Belgian aid worker Olivier Vandecasteele was arrested on February 24, 2022, in Iran. But was Vandecasteele taken hostage as a token of the implementation of an agreement that Tehran and Brussels had been negotiating for months? In January 2023, he was sentenced to 40 years in prison, a $1 million fine (€910,000) and 74 lashes for espionage.
The hacking of the Iranian Ministry of Foreign Affairs’ computer system on Sunday, May 7, by a group of hackers called Ghyam Sarnegouni (“From Uprising to Overthrow”), close to the People’s Mojahedin Organization of Iran (an exiled movement that’s banned in Iran), is of great interest to Vandecasteele’s family.
Hundreds of minutes of meetings, ministerial correspondence and the identities and phone numbers of the ministry’s 11,000 employees were among the information stolen by Ghyam Sarnegouni, who claimed responsibility for an attack that targeted 210 websites and online services. The ministry’s spokesman in Tehran, Nasser Kanaani, acknowledged the attack on his institution while downplaying its magnitude.
Draft exchange agreement
In the hacked documents revealed by the National Council of Resistance of Iran (NCRI) – an offshoot of the People’s Mojahedin – and the hacker group on its Telegram page, opponents of the mullahs’ regime indicate that the Belgian authorities were considering, even before Vandecasteele’s arrest, the need to conclude an exchange agreement for Belgian and Iranian nationals. Perhaps this is because they were concerned about the fate of Ahmad Reza Djalali, a professor at the Flemish Free University in Brussels and a Swedish-Iranian doctor who was arrested in Iran in 2018 and sentenced to death for espionage. He remains in detention today.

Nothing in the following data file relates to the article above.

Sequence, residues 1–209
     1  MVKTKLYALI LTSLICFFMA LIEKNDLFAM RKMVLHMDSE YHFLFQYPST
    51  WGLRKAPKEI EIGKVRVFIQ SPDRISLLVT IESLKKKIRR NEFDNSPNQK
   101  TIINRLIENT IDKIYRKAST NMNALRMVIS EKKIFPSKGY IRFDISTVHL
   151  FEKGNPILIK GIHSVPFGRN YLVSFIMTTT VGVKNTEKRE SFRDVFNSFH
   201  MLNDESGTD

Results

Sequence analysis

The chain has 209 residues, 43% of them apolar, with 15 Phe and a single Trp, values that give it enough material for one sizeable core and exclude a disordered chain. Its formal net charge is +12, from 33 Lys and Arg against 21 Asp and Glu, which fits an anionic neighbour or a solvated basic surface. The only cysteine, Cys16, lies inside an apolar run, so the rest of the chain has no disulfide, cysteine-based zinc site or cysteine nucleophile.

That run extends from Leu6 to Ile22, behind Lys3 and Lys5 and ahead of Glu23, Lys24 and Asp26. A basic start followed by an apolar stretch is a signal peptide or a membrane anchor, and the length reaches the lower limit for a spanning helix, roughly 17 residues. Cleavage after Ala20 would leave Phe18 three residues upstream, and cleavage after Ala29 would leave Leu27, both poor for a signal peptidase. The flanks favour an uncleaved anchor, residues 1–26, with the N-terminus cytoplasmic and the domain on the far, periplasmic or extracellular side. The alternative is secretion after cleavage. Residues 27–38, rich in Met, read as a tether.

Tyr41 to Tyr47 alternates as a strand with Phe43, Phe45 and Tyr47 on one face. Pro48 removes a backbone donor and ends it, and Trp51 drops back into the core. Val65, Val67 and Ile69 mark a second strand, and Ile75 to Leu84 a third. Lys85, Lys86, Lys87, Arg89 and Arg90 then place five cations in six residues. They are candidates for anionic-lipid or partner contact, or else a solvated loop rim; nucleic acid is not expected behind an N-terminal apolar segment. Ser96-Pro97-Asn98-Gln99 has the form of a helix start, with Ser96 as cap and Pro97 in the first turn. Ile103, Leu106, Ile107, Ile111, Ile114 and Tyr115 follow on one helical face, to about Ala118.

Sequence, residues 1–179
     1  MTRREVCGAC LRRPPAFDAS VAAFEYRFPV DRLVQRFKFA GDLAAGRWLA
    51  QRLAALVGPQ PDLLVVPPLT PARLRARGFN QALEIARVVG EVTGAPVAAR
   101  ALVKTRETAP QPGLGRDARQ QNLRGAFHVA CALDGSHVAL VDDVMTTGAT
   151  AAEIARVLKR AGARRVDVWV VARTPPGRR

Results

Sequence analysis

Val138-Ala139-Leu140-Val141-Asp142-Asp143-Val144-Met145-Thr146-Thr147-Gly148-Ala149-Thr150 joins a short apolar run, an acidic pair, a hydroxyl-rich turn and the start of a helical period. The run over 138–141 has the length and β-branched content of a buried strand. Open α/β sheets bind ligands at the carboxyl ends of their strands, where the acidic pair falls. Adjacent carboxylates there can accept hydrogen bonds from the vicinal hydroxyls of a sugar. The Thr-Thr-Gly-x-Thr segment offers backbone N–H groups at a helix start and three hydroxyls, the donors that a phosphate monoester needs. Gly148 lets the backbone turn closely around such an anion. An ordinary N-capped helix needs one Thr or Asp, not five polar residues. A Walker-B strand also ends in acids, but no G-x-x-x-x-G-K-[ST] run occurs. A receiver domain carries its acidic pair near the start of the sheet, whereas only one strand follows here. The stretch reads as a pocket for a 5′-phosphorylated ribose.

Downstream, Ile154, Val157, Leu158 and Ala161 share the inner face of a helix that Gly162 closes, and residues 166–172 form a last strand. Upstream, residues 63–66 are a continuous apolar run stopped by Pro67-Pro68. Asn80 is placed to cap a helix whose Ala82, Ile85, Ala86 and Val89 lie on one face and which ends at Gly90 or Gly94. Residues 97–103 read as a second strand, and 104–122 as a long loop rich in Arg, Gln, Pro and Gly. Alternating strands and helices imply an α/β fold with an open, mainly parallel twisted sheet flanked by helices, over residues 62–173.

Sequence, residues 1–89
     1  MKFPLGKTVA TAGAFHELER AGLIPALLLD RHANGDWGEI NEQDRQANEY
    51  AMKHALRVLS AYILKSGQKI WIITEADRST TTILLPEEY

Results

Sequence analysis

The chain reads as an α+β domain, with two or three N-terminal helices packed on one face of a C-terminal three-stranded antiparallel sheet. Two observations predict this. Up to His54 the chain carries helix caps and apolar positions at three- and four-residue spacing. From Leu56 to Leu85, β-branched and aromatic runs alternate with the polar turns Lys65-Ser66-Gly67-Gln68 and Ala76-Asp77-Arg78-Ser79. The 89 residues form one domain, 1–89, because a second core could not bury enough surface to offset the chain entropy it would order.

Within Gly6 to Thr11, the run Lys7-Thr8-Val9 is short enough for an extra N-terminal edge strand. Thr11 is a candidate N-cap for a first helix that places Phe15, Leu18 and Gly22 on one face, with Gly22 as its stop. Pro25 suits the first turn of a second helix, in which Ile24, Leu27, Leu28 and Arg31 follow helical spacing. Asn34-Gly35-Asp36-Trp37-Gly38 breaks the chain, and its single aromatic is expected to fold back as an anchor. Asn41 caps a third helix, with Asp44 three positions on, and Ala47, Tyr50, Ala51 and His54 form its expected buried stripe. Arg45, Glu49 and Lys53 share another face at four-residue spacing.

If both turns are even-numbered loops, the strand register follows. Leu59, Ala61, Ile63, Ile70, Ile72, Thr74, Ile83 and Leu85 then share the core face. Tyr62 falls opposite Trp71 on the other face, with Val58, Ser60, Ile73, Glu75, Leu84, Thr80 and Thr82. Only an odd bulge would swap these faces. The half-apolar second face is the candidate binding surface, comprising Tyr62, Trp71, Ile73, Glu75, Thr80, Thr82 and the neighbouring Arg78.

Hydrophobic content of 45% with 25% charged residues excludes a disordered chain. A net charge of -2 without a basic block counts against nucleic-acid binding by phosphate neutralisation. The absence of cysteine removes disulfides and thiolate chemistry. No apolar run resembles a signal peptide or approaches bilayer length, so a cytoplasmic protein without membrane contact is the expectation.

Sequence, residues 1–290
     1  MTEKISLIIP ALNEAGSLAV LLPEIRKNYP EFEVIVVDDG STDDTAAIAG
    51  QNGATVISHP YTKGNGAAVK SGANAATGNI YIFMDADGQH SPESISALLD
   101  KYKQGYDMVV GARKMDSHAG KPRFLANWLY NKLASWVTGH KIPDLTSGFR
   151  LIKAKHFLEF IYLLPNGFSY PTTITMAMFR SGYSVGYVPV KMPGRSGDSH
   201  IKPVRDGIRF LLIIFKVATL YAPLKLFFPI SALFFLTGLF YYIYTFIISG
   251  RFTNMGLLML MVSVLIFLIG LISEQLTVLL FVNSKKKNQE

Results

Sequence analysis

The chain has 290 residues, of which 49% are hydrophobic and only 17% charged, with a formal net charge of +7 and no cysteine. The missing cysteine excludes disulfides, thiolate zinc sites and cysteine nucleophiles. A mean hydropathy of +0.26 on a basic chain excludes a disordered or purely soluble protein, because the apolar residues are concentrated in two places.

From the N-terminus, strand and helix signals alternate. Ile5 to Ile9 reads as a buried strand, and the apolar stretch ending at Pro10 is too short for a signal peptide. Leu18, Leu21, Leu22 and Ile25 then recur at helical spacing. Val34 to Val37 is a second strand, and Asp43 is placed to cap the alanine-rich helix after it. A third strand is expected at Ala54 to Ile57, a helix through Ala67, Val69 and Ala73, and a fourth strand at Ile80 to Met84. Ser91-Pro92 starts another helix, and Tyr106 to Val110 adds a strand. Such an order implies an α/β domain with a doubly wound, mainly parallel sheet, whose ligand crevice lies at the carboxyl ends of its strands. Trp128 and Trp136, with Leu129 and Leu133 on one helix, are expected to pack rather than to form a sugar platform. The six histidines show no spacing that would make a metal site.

There is no doubt Belgian officials also feared the consequences of the arrest of Assadollah Assadi, a member of the Iranian embassy in Austria and organizer of a planned attack that was to target a CNRI meeting in Villepinte in July 2018. Apprehended in Germany and then transferred to Belgium where his accomplishments were, the diplomat was sentenced to 20 years in prison by the Antwerp court in February 2021. Intensive exchanges between Brussels and Tehran reportedly took place even before the judgment. This could explain why Assadi, unlike his three accomplishments, did not appeal the first instance judgment, counting on a rapid conclusion of the negotiations over his case.
While at the time, the Iranian regime protested what it considered to be a violation of the immunity that its diplomat was supposed to enjoy, documents from the Ministry of Foreign Affairs confirm that Assadi was above all a prominent member of his country’s intelligence services: The Iranian minister in charge of intelligence, and not the minister of foreign affairs, has had the upper hand on his file from the start.
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